Dubbs

Dubbs was founded in 1873 and first known as Slab town.  Slab town drew it’s name because the buildings were made of slabs from the nearby saw mills.  The new name came from the hickory tree.  Children in the community called the twin nuts produced by the hickory trees dubbs, so the people decided to name their town Dubbs.  Dubbs was never an incorporated community.

A post office was started at Dubbs.  On April 21, 1880, N.H. Bradley was made the first post master.  He and his brother James ran a store and farmed.  N.H. Bradley is listed as post master at Dubbs on July 1, 1881 and July 1, 1883. William M. Sheckels was made post master July 8, 1886. He is listed as post master at Dubbs on July 1, 1887 as well.  James A. Salmon became post master on January 10, 1888.  He was listed on the U.S. register of Civil, Military, and Naval service as post master at Dubbs on July 1, 1889 and July 1, 1891. Losing B. Collier too over the post office on March 25, 1893.  Edward W. Woodson became post master on April 28, 1896 and held that position until his death on March 2, 1906.  He is buried in Oakwood Cemetery in Tunica.  Woodson had been post master at Clayton on July 1, 1891.  Edward Woodson owned and operated a store at Dubbs. By the 1930s, Dubbs no longer had a post office and mail came from the neighboring community of Maud.

Dubbs on the 1900 U.S. Census had several businesses surrounding the post office and store owned by Edward W. Woodson.  Tuna Williams had a store and A.W. Ferrell was listed as a clerk.  J.J. Black was running a saloon.  Stephen Ayer and D.W. Roalls were listed as blacksmiths.  Glide Weston was a spoke maker.  J.W.M. Kelley and Lee Demaree were listed as tinker men.  M.J. Williams did laundry.  Everyone elise on the page were listed as farmers or farm laborers.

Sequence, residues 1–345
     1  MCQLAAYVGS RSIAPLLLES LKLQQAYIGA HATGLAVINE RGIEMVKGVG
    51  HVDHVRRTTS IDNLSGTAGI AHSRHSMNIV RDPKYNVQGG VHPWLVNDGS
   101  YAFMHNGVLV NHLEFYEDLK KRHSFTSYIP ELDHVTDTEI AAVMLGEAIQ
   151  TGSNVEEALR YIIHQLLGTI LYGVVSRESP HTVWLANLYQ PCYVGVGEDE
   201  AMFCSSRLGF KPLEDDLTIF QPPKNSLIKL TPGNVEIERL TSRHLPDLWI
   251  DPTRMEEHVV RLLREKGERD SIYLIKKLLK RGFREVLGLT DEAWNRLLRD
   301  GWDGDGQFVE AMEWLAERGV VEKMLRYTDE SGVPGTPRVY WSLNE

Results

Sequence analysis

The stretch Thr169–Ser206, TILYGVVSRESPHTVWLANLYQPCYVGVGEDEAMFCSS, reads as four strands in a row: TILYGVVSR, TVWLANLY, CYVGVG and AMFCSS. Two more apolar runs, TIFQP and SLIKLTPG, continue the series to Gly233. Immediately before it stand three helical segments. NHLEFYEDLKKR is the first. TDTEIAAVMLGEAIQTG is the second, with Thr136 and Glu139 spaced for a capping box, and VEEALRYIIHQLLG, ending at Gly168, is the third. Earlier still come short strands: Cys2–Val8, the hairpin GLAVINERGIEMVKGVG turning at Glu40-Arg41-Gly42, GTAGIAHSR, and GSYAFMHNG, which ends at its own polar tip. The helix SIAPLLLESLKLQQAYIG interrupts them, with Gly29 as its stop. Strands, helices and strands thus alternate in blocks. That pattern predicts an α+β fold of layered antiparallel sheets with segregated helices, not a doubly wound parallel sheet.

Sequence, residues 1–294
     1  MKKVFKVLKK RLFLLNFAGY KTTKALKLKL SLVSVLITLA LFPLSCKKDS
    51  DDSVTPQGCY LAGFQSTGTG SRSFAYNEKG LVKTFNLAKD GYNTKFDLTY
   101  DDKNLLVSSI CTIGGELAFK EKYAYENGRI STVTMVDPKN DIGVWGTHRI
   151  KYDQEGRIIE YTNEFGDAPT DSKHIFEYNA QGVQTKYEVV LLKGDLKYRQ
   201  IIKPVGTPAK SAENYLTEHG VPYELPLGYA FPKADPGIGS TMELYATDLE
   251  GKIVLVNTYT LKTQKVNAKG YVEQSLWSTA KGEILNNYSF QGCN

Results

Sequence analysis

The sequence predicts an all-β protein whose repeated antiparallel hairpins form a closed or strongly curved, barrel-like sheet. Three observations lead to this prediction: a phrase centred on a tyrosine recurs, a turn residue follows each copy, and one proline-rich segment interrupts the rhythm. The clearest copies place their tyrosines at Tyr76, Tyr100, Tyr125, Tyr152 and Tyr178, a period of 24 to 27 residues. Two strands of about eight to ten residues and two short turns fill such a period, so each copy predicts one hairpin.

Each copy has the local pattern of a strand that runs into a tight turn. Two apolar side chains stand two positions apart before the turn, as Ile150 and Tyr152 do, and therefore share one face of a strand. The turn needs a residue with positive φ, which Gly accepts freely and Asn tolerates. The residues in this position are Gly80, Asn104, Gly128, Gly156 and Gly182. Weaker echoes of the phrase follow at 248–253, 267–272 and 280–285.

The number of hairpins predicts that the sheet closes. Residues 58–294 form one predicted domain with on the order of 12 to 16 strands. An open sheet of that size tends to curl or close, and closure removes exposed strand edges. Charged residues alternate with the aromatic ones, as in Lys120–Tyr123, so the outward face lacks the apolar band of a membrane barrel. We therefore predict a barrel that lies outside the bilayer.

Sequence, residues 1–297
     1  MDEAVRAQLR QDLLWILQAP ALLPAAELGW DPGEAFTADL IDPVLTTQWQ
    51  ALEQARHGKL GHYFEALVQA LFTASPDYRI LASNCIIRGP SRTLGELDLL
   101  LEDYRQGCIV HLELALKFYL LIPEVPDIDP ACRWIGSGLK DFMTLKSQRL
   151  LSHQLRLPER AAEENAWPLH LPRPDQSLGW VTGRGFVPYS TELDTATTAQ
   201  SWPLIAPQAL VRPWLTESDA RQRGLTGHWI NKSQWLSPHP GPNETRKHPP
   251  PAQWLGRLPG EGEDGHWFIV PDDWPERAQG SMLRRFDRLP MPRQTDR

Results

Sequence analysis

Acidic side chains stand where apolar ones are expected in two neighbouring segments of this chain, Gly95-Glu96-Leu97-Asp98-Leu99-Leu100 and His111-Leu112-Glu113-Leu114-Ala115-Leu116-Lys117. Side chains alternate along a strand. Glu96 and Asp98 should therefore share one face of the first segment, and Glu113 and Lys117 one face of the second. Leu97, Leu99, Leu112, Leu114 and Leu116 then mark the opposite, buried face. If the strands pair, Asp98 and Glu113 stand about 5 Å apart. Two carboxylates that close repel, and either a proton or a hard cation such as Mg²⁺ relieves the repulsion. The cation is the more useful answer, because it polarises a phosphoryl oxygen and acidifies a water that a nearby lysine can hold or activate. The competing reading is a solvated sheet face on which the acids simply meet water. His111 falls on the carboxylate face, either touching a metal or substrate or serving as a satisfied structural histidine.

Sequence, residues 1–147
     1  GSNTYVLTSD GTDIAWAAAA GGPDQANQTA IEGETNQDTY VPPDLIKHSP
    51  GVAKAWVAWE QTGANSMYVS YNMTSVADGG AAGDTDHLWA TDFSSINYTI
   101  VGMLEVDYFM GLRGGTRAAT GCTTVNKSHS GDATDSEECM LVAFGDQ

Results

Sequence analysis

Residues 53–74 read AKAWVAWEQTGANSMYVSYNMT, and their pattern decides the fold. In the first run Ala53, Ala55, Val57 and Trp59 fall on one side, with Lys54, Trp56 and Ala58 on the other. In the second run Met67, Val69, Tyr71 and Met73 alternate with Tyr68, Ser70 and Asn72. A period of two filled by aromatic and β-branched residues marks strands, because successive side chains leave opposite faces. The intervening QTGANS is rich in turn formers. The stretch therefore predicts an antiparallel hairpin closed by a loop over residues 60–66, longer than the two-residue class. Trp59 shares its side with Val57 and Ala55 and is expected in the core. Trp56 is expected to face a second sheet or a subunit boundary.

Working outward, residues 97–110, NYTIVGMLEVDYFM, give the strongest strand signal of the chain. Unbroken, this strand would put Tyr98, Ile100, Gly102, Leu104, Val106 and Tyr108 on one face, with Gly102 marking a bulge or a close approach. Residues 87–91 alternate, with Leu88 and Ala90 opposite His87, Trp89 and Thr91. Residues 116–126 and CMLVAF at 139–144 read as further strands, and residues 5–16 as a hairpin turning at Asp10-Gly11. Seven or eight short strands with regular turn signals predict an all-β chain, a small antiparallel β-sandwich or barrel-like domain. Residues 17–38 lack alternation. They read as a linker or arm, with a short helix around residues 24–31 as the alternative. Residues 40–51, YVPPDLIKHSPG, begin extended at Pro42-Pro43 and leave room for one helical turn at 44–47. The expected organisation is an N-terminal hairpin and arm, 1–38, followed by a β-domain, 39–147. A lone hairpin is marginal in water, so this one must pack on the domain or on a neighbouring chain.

According to the WPA Project Dubbs had a Methodist church, a cotton gin, several stores, and a grammar school in the late 1930s.  The population was about 150.

Today there is one brick church.  It is probable that the congregation of the church described below built this brick church later.  It has changed denominations today though.

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Description 1 of Dubbs Methodist Church:

“At Dubbs there is a small white frame Methodist Church.  The main part of the building is about 25 years old, but in recent years a Sunday school has been added.  The front of the building has been remodeled.  There is a large auditorium with raised rostrum at the entrance end.”

Description 2 of Dubbs Methodist Church:

“At the little inland town of Dubbs we have another very active Methodist church.  This is a frame building that was put up around 1908 or 1909.  Several changes have been made since the original  building was erected.  Sunday school rooms have been added and repair work is kept up on the building each year.  It is a very comfortable and roomy building.  Rev. W.R. Gaudelock, the present pastor lives in the parsonage at Dubbs.  The church membership owns both the church and parsonage.  The later is a well built nicely arranged modern six room cottage.  They have a church membership of 160 or 175 members and a Sunday school membership of 75 to 80, well organized and functioning nicely.  They have a real live-wire Epworth League of 25 or more members doing splendid work under the leadership of Mrs. S.J. Strickland.  This charge is what is called a station, having a resident pastor, with services every Sunday, both morning and evening. While none of the older pioneer members of this little church now live in Dubbs, they do have many outstanding Christian workers long the younger members, who are largely due the credit for this successfully functioning church.”

There are two old store building located at Dubbs.  Both are closed.  My grandfather once told me a story about two men having a shoot out in front of these buildings.

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Description of the rest of the town of Dubbs: